Ancillary Justice

From time to time, I encounter a work of fiction that really makes me think. One such book is Ann Leckie’s debut novel, Ancillary Justice. Having encountered it in Asimov’s “On Books” column this month, I decided to buy a copy for my eReader, and I’m glad I did.

Leckie’s protagonist, Breq, is all that remains of a military ship’s AI, Justice of Toren. As Justice, Breq simultaneously inhabited a massive number of ancillary bodies, but is now limited to one of the solders from the unit One Esk she used to control. Breq has embarked on a mission to kill Anaander Mianaai, an enemy who likewise lives in thousands of bodies herself. It is an epic battle spanning multiple worlds and distinctive cultures.

These days, when I read fiction, I find myself doing so with my metaphorical red pencil in hand. I could blame my experience critiquing people’s work with Critters, but the reality is probably more mundane: I am teaching myself to edit my own work, and it has heightened my awareness of everything I read. As a result, I found myself considering a number of things Leckie does especially well with this novel and whether I could equal any of them in my own work.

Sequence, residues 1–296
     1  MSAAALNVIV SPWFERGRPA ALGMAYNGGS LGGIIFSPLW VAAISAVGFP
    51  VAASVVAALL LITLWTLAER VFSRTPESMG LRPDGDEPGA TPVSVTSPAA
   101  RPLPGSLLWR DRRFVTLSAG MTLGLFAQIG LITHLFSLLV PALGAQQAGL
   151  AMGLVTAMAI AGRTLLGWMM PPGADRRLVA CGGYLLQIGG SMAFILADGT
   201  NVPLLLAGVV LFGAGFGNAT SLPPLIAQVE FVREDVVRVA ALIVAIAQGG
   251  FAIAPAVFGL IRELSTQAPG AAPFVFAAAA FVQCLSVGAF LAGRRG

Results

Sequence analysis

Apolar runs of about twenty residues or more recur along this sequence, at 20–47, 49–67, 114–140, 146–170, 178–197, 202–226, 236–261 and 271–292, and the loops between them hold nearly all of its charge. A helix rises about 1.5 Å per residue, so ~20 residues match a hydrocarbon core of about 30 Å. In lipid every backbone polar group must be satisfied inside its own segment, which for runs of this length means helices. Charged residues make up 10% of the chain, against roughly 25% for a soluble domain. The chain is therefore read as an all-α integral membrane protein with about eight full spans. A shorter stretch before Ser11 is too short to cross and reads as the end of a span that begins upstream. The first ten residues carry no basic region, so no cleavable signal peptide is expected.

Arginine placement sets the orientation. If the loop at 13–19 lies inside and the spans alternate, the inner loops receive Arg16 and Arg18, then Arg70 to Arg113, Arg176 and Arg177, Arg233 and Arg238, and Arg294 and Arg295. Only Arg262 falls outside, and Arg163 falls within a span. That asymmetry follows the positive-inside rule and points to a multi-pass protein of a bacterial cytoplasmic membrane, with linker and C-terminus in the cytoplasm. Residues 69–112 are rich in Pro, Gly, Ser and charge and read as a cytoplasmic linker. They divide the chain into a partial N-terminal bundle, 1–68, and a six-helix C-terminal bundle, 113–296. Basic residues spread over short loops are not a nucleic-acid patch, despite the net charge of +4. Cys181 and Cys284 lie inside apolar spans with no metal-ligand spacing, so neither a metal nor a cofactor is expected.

Most superficially, I appreciate the way Leckie describes the interstellar empire in which her story is set. The Radchaai are polytheistic syncretists[1], and Leckie realistically integrates integrates their religious practices into the fabric of her story. As a strict monotheist, I don’t know if I could possibly attempt to portray this perspective. I don’t even know if I would have imagined something as elegant as Leckie’s use of gloves to portray Radch cultural ideals.

A second characteristic of her work, and the one which challenged me most while reading, is the fact that the Radchaai make no distinctions between male and female in their language. As a result, Breq uses a single set of pronouns — generally translated into the feminine third-person pronouns in English — to describe other characters of both genders[2]. It parallels the way I myself use masculine pronouns as the generic neuter, and while it’s not the way I usually think, it works here. Compared to other pieces I’ve read that use  alternative gender-neutral pronouns, this technique flows much better for me.